With BREACH ZONE about to release in FOUR DAYS OH MY F*!KING GOD I CANT BREATHE you are being steadily bombarded with self-promotional tweets letting you know about reviews, events, guest posts, and the like. It’s the me-show, 24/7. Even I’m getting sick of myself.
I figured I’d give people a break, and let someone else have the podium for a change. Here’s my friend Greg, who has a cool project he’d like to tell you about. Please forget about BREACH ZONE AND HOW INSANELY PANICKED I AM ABOUT ITS PENDING RELEASE for a bit and give Greg your ear. And your eyes. I mean, figuratively. Don’t actually give him your . . . *sigh* Nevermind. Here’s Greg:
It all started with a piece of artwork.
That’s not quite accurate, actually. It really started with my first novel, a work of epic fantasy called The Third Sign, which came out in 2009 from Gale Cengage. Reception for that book was largely positive, but when first trying to sell it I heard a lot of variations on this: “This is great, but traditional epic fantasy is oversold, and this isn’t different enough from everything else.” Fortunately my acquisitions editor and readers mostly disagreed, but the criticism stuck with me, and when I set out to write my second novel I was determined to make something still fantastical but different enough from, well, everything else, as far as I could manage it. My original inspiration was actually a Cirque du Soleil performance in which a winged creature confronts many bizarre and fantastic creatures in another world, and that experience combined with an interest in mythology led to the writing of Icarus, a book told from the alternating perspectives of two seemingly very different characters: Icarus, a tall, fair-skinned young man with wings, incredible powers, and no memory of anything other than his name, and Jellinek, a short flamepetal prospector with tough red skin, a two-tailed lava resistant creature called a “solar” for a companion, and a general dislike of everyone around him. Together, they must defeat a race of tyrants who have enslaved the world of Vol, and through the course of the story they discover that they are more alike than they can possibly imagine.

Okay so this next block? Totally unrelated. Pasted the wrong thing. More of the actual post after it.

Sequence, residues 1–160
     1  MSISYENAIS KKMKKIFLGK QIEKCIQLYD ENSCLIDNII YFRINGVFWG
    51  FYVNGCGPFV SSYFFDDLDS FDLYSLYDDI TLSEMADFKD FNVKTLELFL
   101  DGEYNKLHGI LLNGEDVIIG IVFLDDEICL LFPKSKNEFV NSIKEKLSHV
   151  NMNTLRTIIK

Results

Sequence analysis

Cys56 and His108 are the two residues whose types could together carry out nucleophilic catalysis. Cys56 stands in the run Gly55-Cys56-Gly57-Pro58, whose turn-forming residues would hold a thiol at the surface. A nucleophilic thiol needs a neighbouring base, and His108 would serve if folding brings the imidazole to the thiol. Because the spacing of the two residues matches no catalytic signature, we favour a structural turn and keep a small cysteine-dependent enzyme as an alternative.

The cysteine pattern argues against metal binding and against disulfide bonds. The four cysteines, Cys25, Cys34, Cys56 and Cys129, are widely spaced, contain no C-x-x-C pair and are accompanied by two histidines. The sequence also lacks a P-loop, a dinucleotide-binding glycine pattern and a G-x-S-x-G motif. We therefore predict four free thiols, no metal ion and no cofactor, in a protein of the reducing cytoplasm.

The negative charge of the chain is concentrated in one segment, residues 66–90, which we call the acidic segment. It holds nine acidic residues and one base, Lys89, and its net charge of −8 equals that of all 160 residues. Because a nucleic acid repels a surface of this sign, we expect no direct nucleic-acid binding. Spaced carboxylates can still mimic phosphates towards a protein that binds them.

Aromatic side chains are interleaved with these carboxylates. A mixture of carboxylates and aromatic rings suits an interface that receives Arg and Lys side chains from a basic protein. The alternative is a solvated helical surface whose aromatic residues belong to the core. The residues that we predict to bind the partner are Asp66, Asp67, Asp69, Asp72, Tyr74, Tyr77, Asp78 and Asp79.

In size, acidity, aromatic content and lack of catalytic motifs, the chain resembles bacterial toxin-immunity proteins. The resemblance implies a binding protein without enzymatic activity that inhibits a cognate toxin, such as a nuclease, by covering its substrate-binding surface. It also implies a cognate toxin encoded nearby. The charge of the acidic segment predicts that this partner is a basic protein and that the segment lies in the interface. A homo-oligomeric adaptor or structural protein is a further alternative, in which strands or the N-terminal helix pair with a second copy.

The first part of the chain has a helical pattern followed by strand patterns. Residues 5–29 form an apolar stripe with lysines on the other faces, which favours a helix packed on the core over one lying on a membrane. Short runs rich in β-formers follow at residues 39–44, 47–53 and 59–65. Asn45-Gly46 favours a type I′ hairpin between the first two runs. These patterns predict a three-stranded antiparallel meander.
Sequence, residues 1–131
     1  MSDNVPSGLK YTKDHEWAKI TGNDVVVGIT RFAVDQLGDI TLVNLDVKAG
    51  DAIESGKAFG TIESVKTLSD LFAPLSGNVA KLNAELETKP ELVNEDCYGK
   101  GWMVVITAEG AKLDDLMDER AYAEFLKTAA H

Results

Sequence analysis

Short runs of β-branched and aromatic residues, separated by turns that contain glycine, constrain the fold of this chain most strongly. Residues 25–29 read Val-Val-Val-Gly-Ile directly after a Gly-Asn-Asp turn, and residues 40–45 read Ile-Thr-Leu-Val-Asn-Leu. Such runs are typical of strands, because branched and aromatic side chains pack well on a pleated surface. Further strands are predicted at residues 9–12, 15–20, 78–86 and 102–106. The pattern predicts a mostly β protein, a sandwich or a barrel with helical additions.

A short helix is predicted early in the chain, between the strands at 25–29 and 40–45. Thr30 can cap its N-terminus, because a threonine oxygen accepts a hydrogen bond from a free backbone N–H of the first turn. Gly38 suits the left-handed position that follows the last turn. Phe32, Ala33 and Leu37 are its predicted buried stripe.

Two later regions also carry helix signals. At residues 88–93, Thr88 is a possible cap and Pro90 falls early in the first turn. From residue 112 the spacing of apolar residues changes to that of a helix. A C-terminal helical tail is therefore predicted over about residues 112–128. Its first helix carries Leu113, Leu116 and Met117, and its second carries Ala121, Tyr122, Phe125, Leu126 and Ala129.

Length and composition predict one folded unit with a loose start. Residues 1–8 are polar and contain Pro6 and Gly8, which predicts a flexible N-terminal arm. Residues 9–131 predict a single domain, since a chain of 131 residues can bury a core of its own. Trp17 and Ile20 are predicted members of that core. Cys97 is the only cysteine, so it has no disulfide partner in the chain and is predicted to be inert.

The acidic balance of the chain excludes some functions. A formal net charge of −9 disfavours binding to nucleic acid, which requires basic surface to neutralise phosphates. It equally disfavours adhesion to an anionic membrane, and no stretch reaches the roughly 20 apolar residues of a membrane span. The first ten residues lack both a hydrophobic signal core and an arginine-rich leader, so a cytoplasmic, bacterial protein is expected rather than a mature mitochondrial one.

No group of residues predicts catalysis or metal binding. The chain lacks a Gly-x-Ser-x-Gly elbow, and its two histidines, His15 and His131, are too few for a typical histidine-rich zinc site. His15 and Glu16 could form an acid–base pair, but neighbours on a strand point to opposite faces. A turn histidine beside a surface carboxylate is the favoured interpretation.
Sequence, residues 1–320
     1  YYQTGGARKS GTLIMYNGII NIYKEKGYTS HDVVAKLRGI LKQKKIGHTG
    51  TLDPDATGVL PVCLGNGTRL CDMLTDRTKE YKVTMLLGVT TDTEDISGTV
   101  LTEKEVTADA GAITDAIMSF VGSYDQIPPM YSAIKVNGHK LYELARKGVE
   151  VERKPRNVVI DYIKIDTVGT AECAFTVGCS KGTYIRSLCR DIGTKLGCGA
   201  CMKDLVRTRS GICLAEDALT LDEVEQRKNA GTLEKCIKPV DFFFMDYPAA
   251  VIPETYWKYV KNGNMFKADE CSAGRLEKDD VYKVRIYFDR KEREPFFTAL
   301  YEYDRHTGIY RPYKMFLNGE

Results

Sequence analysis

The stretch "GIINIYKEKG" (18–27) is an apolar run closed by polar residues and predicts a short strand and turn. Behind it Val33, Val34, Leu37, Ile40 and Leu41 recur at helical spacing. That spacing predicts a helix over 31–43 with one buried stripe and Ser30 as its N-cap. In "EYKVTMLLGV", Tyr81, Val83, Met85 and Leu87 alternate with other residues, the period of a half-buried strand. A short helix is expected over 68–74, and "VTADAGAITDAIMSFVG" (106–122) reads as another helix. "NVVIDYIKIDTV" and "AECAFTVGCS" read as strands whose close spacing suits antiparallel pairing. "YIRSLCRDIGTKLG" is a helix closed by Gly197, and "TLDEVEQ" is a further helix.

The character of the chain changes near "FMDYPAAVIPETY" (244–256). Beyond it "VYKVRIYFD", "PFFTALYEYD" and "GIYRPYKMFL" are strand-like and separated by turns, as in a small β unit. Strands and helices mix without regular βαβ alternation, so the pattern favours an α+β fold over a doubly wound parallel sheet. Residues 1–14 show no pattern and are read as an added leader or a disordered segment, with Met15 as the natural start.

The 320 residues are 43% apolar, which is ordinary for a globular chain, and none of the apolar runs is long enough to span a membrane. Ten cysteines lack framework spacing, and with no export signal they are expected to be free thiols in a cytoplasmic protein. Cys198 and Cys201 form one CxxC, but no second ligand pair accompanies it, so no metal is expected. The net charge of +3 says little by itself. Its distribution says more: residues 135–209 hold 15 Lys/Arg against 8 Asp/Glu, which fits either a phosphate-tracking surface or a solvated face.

When I began to submit this manuscript, it appeared I had achieved my initial goal, to both good and bad effect. People liked the concept and much of the execution, but often made comments more or less like this: “This is great, but it’s so different that we don’t know where to put it.”
I was stuck, and for a time I put Icarus on the back burner and moved on to other things. But I always thought Icarus is a very visual story, so when I saw some of professional comics artist Matt Slay’s illustrations for Silence in the Library’s Time Traveled Tales anthology–including the one for the prologue to Icarus, which I had originally submitted to that antho–I knew I had found someone who could bring the story to pictoral life. I spoke to Ron Garner at SitL (who just wrapped up an enormously successful Kickstarter for the all female speculative fiction anthology Athena’s Daughters) and pitched him the idea for a graphic novel of Icarus, and the rest is history. And I haven’t been disappointed since, because as the art above shows, Matt really knows how to paint vibrant and evocative images of great vitality. The more I’ve seen from him the more excited I’ve become to see my world represented in this form; and if the early reception to the Kickstarter, which launched on January 14th and hit its initial funding goal in less than a week, is any indication, other people are as excited as I am.
We’ve got lots of great stretch goal authors and artists, and even an Icarus game in the works at the higher levels. But most important to me is the fact that I’m getting the chance to share something striking, beautiful, and I hope moving, with a new audience of readers–as different as it may be. If you’re interested in checking it out yourself, you can find it at http://www.kickstarter.com/projects/103879051/icarus-a-graphic-novel –and thanks!